HydraForce Insider Blog

Right-Size Your Hoses and Pipes To Reduce Pressure Drop in Manifolds

Posted by David Price on Wed, Oct 19, 2011 @ 11:10 AM

When designing a hydraulic system, you want to optimize your design for minimal pressure drop. Savvy system designers have found that using a custom manifold with the right combination of cartridge valves is one way to optimize a system. When using this approach, it is important to correctly size your valves, drillings, and flow paths within the manifold. It is just as important to “right-size” the hydraulic hose and pipe connecting the manifold to the rest of the installation. Hose and tubing need to be the right diameter, length, smoothness and shape to handle the demands of the pressurized hydraulic flow. Undersized hose or tube can cause turbulent flow and excessive heat buildup. Over-sized hose or tube can add cost, size and weight to a system and decrease the rate of flow.

To understand what “right-sizing” means in terms of hydraulic hose and tube, you must first understand the nature of fluid and friction. Whenever fluid flows, there is a loss of mechanical energy to overcome viscous forces within the fluid. In a hydraulic system, this loss is seen as a pressure drop in the direction of flow.

Each component within the hydraulic system will contribute toward the pressure drop, i.e. cartridge valves, tubing, fittings, hoses, filters etc. This lost energy is dissipated as heat energy in the oil.

Frictional losses in pipework are mainly dependent upon:

  • Length of pipe

  • Cross-sectional area of pipe

  • Roughness of pipe surface

  • Number of pipe bends

  • Velocity of flow

  • Viscosity of fluid

The total allowable pressure drop of the hydraulic system must be chosen with care, as the power loss is a product of the system flow rate and pressure drop. This is an efficiency loss that has to be balanced against the cost of larger pipework/hoses and fittings. The wasted energy is dissipated as heat energy in oil, which may lead to cooling problems and shortening of the oil life.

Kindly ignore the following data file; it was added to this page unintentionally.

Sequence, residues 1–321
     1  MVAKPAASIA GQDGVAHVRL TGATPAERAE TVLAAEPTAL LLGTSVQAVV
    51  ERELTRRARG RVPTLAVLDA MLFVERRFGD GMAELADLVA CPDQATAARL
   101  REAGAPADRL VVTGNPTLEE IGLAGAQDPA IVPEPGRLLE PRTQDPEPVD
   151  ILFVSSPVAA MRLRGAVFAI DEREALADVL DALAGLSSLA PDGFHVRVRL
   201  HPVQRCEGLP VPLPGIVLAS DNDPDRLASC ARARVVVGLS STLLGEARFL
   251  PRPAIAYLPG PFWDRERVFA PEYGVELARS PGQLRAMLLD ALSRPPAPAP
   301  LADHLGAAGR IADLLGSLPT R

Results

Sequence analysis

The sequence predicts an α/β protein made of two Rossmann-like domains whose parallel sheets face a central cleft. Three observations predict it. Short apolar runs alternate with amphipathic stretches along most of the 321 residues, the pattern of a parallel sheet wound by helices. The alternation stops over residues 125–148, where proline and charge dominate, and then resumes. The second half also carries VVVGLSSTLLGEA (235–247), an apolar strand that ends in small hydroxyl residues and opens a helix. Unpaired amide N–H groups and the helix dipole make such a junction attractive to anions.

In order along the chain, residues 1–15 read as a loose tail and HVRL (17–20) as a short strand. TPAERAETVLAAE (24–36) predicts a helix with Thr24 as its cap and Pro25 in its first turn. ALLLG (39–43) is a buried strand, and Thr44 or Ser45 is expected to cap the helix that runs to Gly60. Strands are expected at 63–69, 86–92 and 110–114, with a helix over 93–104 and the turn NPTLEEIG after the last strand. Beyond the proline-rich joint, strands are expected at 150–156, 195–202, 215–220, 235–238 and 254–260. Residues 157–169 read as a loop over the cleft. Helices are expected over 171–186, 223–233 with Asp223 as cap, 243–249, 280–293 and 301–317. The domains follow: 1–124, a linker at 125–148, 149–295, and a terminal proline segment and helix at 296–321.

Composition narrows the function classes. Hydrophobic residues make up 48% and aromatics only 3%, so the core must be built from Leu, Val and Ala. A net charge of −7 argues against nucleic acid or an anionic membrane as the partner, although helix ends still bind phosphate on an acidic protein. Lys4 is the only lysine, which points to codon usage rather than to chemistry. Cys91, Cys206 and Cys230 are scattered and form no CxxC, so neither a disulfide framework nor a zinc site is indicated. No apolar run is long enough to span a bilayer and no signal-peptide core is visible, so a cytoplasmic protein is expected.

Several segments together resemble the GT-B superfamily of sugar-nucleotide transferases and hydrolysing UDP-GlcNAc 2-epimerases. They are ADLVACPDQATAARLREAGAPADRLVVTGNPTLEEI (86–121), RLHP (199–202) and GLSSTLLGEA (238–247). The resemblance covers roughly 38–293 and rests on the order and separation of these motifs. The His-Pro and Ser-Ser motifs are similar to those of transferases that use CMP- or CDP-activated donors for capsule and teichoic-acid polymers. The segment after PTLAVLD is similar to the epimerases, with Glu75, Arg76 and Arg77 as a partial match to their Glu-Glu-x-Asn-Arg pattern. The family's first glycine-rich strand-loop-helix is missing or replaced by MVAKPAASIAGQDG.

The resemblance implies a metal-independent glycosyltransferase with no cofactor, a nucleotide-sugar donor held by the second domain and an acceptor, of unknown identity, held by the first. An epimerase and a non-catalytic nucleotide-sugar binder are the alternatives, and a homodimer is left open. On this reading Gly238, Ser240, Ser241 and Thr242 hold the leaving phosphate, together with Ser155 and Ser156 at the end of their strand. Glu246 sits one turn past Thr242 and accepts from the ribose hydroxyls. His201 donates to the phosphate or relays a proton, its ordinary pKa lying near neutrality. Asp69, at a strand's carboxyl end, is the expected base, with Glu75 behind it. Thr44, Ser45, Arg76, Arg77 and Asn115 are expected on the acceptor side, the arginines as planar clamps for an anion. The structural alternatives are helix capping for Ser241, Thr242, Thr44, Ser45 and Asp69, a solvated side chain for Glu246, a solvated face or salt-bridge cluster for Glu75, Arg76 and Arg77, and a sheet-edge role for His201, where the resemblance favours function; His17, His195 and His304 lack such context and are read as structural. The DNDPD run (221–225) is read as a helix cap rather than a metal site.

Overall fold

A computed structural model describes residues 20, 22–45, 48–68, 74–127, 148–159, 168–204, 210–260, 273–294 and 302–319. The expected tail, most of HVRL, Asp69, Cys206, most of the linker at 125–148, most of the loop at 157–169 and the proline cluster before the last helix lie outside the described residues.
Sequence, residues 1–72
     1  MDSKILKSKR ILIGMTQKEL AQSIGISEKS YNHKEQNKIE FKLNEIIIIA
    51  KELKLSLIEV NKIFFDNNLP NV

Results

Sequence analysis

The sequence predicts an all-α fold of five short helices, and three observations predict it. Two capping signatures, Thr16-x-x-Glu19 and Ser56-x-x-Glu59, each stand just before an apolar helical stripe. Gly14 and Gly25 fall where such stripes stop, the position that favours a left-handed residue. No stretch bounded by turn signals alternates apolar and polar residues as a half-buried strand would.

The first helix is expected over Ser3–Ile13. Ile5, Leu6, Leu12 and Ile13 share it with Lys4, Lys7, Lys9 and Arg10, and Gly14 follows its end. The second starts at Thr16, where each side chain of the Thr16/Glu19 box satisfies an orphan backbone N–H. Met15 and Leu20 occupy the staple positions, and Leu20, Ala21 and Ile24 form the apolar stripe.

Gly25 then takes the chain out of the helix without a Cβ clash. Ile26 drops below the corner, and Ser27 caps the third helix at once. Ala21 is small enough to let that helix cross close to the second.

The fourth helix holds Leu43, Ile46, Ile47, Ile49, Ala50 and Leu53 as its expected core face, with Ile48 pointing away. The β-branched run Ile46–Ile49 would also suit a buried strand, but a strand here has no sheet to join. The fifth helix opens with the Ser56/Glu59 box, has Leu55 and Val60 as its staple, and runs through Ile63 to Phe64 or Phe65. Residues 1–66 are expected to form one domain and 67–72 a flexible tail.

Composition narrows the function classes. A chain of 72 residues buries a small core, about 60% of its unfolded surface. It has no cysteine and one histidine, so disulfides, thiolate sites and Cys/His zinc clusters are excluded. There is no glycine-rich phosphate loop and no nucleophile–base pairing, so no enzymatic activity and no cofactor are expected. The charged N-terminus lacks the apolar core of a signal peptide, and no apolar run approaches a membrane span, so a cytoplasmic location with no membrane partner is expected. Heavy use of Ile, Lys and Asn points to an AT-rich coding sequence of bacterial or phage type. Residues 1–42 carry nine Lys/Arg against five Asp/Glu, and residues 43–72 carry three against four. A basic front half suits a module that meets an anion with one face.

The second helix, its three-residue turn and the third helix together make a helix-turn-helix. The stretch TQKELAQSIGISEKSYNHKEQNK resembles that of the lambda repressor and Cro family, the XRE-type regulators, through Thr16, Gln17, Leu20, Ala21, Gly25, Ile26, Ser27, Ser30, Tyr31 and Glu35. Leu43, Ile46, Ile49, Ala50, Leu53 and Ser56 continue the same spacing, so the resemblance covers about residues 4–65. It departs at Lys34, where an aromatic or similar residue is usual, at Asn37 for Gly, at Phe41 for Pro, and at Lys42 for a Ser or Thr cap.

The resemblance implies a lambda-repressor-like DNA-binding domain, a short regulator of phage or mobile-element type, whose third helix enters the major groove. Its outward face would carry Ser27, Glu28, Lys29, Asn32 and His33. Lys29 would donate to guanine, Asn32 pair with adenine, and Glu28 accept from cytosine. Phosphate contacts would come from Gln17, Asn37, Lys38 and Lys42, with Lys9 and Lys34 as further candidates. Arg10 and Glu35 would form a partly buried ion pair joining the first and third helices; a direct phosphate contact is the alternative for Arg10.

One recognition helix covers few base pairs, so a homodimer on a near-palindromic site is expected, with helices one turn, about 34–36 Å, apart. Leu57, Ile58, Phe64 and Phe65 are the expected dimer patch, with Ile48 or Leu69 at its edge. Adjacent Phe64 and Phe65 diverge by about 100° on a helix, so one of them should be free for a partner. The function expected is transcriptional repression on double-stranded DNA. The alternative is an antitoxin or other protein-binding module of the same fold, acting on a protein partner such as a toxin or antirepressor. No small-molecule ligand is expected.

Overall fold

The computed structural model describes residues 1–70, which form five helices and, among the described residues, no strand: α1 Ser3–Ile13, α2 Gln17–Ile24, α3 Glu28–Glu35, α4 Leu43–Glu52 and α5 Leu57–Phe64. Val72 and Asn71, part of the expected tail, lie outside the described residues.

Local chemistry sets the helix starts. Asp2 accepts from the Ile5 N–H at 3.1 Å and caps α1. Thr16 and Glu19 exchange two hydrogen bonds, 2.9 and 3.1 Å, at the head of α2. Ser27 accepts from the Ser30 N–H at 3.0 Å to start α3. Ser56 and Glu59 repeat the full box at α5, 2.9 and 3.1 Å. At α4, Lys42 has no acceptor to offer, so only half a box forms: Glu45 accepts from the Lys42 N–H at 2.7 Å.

Pressure losses in pipework will depend upon the flow condition. There are two distinct flow conditions: 

  1. Laminar Flow and

  2. Turbulent Flow.

Laminar flow is the condition when the fluid particles travel smoothly in straight lines, the inner-most fluid layer travels at the highest speed and the outer-most layer at the pipe surface doesn’t move, as shown in Figure 1.


Figure 1 – Laminar Flow

Turbulent flow has irregular and chaotic fluid particle motions, such that a thorough mixing of the fluid take place, as shown in Figure 2. Turbulent flow is usually not desirable, as the flow resistance increases and thus the hydraulic losses increase.


Figure 2 – Turbulent Flow

The Right Calculations

To determine the right size of hydraulic piping, you must first do the right calculations for the nature of the hydraulic flow in your system.